We desire to facilitate the development of freely distributable and translatable tools for biblical exegesis to serve the global church.
I am delighted to announce that the Groves Center has granted TExT permission to use the lemma that they have identified in the process of creating the Westminster Hebrew Morphology to serve as the lemma for our Hebrew/Aramaic Lexicon. This is a major advance in our effort to provide a modern replacement for Strong's Hebrew and Aramaic definitions for the benefit of the global church.
Why is this an advance? The Greek, Hebrew, and Aramaic definitions from James Strong's famous concordance are the standard, if not only, lexical resource for free and open source Bible software. This is because Strong's definitions (and numbers) are the only resource in the public domain that have been digitized. Unfortunately, as Kirk Lowery of the Groves Center points out in a recent blog post, the lemmatization on which Strong based his numbers is 160 years old! That number alone should be a sign that Strong's numbers need to be replaced. He further explains, however, why the advances in Hebrew lexicography over that period of time make using Strong's numbers an untenable solution.
Here at TExT we want to move away from the lemmatization represented by Strong's numbers and hopefully bring open source Bible software along with us. Early in the process of beginning our Greek lexicon we switched from Strong's numbers as the primary lexical key to actual Greek lemma. We plan to do the same with Hebrew and Aramaic. The Groves Center has spared us the work of isolating lemmas ourselves, which is a great boost to our project.
The practical question, however, is how we will make this switch. Moving from Strong's numbers to real Hebrew lemma is not trivial. First, Strong did not provide numbers for the prefixed prepositions, the vav conjunction, and several other ubiquitous terms, so new entries will need to be created. More significantly, as Kirk's post points out, there have been many advances in our knowledge of Hebrew over the past century and a half. Switching requires care and thought. To facilitate this switch, the Groves Center, has also provided some preliminary data to help us begin to create a topic map between their lemma and Strong's numbers. We will benefit from their painstaking linguistic work on the Hebrew Bible, and this in turn will allow us to move forward on a sound footing as we endeavor to provide a modern alternative to Strong's definitions for the benefit of the global church.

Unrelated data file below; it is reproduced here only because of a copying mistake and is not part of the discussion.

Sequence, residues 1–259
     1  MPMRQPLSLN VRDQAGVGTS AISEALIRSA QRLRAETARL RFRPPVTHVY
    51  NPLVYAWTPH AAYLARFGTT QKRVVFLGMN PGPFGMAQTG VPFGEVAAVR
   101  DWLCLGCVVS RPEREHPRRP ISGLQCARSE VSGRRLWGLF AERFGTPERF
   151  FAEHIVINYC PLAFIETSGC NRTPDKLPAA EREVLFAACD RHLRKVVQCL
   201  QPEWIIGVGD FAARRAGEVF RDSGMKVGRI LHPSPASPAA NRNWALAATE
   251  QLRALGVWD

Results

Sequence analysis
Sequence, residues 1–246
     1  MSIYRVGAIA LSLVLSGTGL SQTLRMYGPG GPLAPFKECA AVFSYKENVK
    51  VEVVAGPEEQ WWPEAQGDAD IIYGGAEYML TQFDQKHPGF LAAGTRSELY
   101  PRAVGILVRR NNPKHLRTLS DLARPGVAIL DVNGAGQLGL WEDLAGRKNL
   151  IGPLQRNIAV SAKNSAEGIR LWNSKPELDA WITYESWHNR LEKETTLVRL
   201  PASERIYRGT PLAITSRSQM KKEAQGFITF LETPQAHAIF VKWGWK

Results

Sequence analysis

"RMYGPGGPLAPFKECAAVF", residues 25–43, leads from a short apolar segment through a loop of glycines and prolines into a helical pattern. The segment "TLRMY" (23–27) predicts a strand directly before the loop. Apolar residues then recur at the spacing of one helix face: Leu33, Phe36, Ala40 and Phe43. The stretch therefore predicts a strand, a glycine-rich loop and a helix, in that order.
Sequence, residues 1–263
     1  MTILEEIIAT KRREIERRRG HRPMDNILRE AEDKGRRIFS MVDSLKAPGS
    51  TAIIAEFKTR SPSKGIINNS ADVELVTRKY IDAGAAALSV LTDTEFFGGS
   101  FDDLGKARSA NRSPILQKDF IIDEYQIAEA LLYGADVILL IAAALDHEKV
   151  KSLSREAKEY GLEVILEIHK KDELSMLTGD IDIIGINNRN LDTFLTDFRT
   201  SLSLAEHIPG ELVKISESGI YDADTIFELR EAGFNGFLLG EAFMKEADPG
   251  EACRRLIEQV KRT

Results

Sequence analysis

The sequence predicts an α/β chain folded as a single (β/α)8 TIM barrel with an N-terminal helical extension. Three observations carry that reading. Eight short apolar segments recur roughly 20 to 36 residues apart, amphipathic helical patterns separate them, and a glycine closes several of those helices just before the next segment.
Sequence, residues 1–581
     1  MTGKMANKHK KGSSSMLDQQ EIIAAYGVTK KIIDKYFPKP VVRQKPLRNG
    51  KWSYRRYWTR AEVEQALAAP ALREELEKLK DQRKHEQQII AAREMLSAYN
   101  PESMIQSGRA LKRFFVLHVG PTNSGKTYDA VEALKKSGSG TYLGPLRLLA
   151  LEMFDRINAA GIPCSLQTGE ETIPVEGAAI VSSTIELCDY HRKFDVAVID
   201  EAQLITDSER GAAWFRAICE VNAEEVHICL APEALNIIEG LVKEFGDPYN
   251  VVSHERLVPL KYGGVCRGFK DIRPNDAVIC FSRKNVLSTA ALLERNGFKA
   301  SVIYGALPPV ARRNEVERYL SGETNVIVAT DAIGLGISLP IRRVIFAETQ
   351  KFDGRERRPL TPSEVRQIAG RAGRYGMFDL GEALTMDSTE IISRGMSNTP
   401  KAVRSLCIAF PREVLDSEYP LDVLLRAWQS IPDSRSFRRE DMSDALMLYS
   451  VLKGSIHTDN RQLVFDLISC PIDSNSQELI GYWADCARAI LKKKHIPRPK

Have you studied Biblical Greek? Would you like a way to keep it up while serving the resource needs of the global church? Consider contributing to the TExT Greek Lexicon. Read the project description at http://www.textonline.org/greeklexicon and let us know you are interested.
For those who have studied Hebrew, we are also working on a Hebrew lexicon (http://www.textonline.org/hebrewaramaiclexicon).
Both projects are using WeSay, a user-friendly program to create lexicons developed by SIL (http://www.wesay.org).
One of our long-term projects here at TExT is a Hebrew lexicon that offers a concise and modern alternative to Strongs' Hebrew lexicon. However, there is a more widely-respected alternative to Strongs: the Brown, Driver, Briggs, A Hebrew and English Lexicon of the Old Testament with an Appendix Containing the Biblical Aramaic (Oxford: Clarendon, 1936).
The lexicon is in the public domain, and many commercial Bible software companies have created digital copies. However, to my knowledge there is no complete open digital text of the lexicon. A djvu scan is available at Wiki Source. It would be great to see BDB make it into the open digital text world, so if you are able to contribute but running OCR on the images and/or proofreading the results, this would be a fantastic contribution to open source Bible software and those who use it. Register as a user at WikiSource.org and start contributing! This is all the more valuable now that David Troidl has completed his BDB index, mapping between Strongs numbers and BDB pages. Check out his announcement at Open Scriptures.
Edit: David Troidl's work at https://github.com/openscriptures/HebrewLexicon includes such extensive work toward digitizing BDB that anyone wishing to contribute should consider contributing to his work.
TExTonline.org has been down for a time, but we are back online. Please check back with us later as we bring back the content to the site.